On Divine Mercy Sunday we came home from the hospital. In the two weeks since we’ve struggled with nursing and weight loss but supplementing is helping and he’s finally getting bigger.

Stephen’s an incredibly sweet baby. He’s so handsome and snuggly and I find such comfort in holding him. We sit and watch the birds and squirrels in the morning and Parks and Rec in the afternoon and The Crown late at night. I stare at him and hold his hands and stroke his cheek. And while he does sleep well in his crib (3 hour stretches with a few 4 hour ones over the last few weeks!) his favorite place to sleep seems to be nestled on my chest.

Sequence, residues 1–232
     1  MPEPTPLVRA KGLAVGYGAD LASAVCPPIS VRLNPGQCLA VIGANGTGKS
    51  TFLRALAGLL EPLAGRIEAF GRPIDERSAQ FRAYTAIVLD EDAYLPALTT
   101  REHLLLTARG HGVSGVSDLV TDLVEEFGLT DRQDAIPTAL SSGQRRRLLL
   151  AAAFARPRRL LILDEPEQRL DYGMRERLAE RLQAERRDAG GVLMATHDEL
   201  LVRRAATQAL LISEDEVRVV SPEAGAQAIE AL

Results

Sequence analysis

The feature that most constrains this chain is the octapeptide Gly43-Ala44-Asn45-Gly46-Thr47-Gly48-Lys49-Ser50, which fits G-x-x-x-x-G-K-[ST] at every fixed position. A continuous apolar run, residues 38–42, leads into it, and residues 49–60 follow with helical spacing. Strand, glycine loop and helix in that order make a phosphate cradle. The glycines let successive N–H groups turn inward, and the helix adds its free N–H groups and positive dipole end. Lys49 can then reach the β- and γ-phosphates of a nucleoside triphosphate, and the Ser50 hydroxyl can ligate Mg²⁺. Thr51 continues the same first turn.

His birth is not what I hoped for, but he’s here and he’s healthy and we love him so much. I think the sweetness of his snuggles are meant to make up for all the worries and tears and really I shouldn’t complain because, in the end, we have a beautiful family and God has been very generous.

Travis and I still look at each other and say, “EIGHT kids!” and we wouldn’t have it any other way.